How the government could assist struggling SMEs

Struggling small businesses that are capable of surviving could get their basic bills covered by government funding as they attempt to recover.


The extra lifeline through a government guarantee would mean these firms still have access to essential services during business rescue talks or procedures.


Water, gas and electricity supplies would be covered as would essential technology services, according to business minister Jo Swinson.


This would prevent suppliers from cutting off services or boosting charges at times when firms are focused on securing their future.


Under the plans, suppliers will be guaranteed payment ahead of other creditors that are providing services while they can ask for guarantees of payment from insolvency practitioners too.


The Enterprise and Regulatory Reform Act has already been introduced to prevent suppliers from stopping essential services when a company enters administration, but more measures are required according to the government.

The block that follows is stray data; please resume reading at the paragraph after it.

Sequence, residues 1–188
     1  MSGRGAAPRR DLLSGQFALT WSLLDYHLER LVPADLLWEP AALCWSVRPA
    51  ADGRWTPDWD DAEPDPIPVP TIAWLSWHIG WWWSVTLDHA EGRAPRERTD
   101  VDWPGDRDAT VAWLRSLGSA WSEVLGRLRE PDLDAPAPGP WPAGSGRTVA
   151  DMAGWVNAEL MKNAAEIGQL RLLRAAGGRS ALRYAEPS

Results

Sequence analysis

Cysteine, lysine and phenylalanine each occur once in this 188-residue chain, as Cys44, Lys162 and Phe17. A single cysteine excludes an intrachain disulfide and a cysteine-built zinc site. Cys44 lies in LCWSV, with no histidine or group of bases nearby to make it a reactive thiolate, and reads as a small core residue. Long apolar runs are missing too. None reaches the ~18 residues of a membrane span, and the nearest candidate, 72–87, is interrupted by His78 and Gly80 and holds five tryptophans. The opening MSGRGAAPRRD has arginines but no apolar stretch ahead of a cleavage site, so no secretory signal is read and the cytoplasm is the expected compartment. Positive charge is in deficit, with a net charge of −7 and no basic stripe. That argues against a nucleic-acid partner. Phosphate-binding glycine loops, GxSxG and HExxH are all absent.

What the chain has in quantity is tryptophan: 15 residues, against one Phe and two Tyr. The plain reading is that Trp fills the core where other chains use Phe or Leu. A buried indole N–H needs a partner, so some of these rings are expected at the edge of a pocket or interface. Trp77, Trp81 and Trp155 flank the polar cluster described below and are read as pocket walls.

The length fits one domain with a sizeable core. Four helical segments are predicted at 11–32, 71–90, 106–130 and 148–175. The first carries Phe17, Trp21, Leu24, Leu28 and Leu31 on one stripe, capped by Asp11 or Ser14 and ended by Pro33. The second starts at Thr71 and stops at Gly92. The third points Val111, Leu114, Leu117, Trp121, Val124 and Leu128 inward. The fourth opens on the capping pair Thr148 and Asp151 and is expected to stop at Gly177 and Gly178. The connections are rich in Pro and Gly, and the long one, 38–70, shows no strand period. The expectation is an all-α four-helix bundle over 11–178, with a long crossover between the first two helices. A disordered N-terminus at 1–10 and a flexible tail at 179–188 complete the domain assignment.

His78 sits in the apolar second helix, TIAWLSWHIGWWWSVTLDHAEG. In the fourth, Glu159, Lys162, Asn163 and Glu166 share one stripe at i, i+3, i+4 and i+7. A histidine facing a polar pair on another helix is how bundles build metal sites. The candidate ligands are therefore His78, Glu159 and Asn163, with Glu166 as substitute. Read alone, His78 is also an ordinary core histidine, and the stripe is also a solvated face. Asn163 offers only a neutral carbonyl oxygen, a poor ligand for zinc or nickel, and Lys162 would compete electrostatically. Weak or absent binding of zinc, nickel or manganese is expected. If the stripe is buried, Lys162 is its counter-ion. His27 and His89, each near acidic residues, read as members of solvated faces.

IT suppliers were not on the original list to be safeguarded but they are now also covered while utility suppliers will now have their own sets of safeguards.


They can terminate business should supplies remain unpaid for more than 28 days following insolvency, providing a certain level of protection.


Provisions also exist that are seeking to ensure that suppliers receive clear clarification from insolvency practitioners relating to when they can expect payment.


Suppliers facing difficulties as a result of any unpaid contracts will be able to apply to court to cancel those contracts.


The rulings could potentially aid many small businesses when they come into force in October, while rescuing companies from insolvency boosts both the jobs market and the potential for payment to those who are owed.


Should the rulings work as anticipated, insolvency practitioners should be able to assist creditors by helping to get as much money back as possible.


Coupled with saved jobs and the continual trading of the firms in question, the proposals could benefit many different parties.


By Phil Smith


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